- Beyond Tuesday Morning
The hope-filled sequel to the bestselling One Tuesday Morning In this new novel by Karen Kingsbury, three years have passed since the terrorist attacks on New York City. Jamie Bryan, widow of a firefighter who lost his life on that terrible day, has found meaning in her season of loss by volunteering at St. Paul's, the memorial chapel across the street from where the Twin Towers once stood. Here she meets a daily stream of people touched by the tragedy, including two men with whom she feels a connection. One is a firefighter also changed by the attacks, the other a police officer from Los Angeles. But as Jamie gets to know the police officer, she is stunned to find out that he is the brother of Eric Michaels, the man with the uncanny resemblance to Jamie's husband, the man who lived with her for three months after September 11. Eric is the man she has vowed never to see again. Certain she could not share even a friendship with his brother, Jamie shuts out the police officer and delves deeper into her work at St. Paul's. Now it will take the persistence of a tenacious man, the questions from her curious young daughter, and the words from her dead husband's journal to move Jamie beyond one Tuesday morning. "Jamie Bryan took her position at the far end of the Staten Island Ferry, pressed her body against the railing, eyes on the place where the Twin Towers once stood. She could face it now, every day if she had to. The terrorist attacks had happened, the World Trade Center had collapsed, and the only man she'd ever loved had gone down with them. Late fall was warmer than usual, and the breeze across the water washed over Jamie's face. If she could do this, if she could make this journey three times a week while Sierra was in school, then she could convince herself to get through another long, dark night. She could face the empty place in the bed beside her, face the longing for the man who had been her best friend, the one she'd fallen for when she was only a girl."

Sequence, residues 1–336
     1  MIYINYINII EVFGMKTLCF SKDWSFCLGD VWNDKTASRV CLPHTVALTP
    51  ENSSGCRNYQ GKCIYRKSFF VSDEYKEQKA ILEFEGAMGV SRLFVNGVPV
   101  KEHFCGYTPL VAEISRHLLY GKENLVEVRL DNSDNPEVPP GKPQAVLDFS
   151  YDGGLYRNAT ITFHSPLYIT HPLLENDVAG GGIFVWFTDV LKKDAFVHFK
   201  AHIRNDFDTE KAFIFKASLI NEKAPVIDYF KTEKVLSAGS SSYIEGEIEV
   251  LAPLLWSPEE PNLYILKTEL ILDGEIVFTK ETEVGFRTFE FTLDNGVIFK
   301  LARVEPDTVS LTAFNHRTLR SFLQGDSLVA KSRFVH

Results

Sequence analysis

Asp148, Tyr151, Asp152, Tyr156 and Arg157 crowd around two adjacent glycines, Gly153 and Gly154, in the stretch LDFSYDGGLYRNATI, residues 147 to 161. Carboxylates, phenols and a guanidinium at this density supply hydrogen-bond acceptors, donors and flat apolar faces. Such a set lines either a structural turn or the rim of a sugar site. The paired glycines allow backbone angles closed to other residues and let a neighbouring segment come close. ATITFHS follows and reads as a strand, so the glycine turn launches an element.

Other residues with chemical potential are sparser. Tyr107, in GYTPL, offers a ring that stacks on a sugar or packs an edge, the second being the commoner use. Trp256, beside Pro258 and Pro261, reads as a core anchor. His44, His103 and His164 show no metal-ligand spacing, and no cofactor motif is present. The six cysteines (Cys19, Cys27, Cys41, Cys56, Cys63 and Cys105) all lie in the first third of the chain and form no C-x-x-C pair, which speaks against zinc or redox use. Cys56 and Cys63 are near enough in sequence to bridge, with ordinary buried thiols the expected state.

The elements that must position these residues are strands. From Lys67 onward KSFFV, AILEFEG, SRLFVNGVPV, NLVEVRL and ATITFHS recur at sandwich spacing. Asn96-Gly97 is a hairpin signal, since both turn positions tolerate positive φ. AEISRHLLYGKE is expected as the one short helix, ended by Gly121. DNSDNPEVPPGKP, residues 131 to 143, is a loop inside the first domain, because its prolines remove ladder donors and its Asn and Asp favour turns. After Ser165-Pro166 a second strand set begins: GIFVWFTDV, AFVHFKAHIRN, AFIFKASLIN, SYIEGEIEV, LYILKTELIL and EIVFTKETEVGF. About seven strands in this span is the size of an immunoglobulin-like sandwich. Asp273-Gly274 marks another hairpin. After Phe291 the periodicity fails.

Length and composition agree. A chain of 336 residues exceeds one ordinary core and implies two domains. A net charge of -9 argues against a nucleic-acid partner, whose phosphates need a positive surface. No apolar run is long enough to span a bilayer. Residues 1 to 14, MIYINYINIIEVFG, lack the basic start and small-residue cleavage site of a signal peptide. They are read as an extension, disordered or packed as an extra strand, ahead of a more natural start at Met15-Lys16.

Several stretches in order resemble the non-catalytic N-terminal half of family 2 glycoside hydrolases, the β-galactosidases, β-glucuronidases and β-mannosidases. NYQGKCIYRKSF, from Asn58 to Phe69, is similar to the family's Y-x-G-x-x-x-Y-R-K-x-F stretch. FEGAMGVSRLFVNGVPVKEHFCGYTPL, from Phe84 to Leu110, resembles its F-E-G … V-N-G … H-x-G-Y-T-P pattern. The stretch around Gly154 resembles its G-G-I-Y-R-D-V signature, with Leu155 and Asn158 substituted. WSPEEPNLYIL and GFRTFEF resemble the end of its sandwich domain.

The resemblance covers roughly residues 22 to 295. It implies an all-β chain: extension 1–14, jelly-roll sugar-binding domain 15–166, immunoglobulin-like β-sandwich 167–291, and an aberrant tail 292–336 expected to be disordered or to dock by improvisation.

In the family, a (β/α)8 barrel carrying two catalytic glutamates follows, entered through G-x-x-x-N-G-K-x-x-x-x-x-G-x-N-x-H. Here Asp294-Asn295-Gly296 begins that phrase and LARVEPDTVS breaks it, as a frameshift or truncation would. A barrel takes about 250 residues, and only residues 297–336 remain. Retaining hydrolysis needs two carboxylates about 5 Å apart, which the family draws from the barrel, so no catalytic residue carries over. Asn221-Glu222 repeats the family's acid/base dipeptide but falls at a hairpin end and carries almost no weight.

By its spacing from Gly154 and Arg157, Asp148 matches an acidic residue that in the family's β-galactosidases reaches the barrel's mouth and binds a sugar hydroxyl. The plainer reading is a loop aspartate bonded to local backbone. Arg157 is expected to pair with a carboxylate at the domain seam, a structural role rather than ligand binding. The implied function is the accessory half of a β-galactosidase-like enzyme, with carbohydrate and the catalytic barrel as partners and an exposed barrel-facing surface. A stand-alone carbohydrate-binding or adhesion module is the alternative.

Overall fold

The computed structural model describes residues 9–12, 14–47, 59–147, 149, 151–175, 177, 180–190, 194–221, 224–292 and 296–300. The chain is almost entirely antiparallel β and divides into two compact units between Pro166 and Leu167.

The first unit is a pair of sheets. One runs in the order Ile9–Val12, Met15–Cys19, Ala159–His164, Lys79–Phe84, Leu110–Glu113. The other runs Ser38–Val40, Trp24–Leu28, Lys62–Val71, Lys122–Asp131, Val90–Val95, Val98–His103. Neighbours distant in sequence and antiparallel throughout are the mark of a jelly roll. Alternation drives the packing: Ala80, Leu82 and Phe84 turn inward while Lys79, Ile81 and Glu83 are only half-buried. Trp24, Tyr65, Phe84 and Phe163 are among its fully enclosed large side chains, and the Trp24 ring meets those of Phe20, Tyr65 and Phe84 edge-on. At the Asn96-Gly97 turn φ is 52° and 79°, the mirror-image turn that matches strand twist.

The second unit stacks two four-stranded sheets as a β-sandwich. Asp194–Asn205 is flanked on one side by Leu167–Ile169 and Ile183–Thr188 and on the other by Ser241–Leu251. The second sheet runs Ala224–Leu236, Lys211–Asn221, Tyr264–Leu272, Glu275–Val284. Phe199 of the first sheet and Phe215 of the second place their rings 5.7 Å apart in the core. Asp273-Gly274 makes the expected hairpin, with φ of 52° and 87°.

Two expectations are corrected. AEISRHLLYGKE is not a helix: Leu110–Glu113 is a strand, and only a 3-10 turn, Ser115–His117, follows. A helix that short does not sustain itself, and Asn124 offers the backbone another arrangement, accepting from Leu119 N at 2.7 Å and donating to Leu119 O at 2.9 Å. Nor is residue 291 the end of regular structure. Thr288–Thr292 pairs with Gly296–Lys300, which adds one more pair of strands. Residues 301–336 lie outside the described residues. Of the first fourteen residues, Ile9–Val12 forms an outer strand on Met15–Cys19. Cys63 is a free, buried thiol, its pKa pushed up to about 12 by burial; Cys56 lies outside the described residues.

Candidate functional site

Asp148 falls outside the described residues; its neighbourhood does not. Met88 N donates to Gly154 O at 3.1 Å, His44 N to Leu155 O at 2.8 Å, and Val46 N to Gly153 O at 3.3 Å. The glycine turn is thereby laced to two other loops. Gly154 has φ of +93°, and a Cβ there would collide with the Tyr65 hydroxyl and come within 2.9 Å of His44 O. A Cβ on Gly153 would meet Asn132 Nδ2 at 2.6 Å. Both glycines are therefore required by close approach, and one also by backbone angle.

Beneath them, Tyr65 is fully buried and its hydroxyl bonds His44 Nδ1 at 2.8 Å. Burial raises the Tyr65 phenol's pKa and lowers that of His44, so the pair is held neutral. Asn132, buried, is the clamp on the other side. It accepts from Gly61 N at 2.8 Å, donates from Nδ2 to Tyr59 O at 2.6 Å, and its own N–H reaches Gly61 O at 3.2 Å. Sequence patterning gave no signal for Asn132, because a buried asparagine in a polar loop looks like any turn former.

- Science, Medicine, And Animals: Teacher's Guide
Science, Medicine, and Animals explains the role that animals play in biomedical research and the ways in which scientists, governments, and citizens have tried to balance the experimental use of animals with a concern for all living creatures. An accompanying Teachera (TM)s Guide is available to help teachers of middle and high school students use Science, Medicine, and Animals in the classroom. As students examine the issues in Science, Medicine, and Animals, they will gain a greater understanding of the goals of biomedical research and the real-world practice of the scientific method in general.
Science, Medicine, and Animals and the Teachera (TM)s Guide were written by the Institute for Laboratory Animal Research and published by the National Research Council of the National Academies. The report was reviewed by a committee made up of experts and scholars with diverse perspectives, including members of the U.S. Department of Agriculture, National Institutes of Health, the Humane Society of the United States, and the American Society for the Prevention of Cruelty to Animals. The Teachera (TM)s Guide was reviewed by members of the National Academiesa (TM) Teacher Associates Network.
Science, Medicine, and Animals is recommended by the National Science Teachera (TM)s Association NSTA Recommends.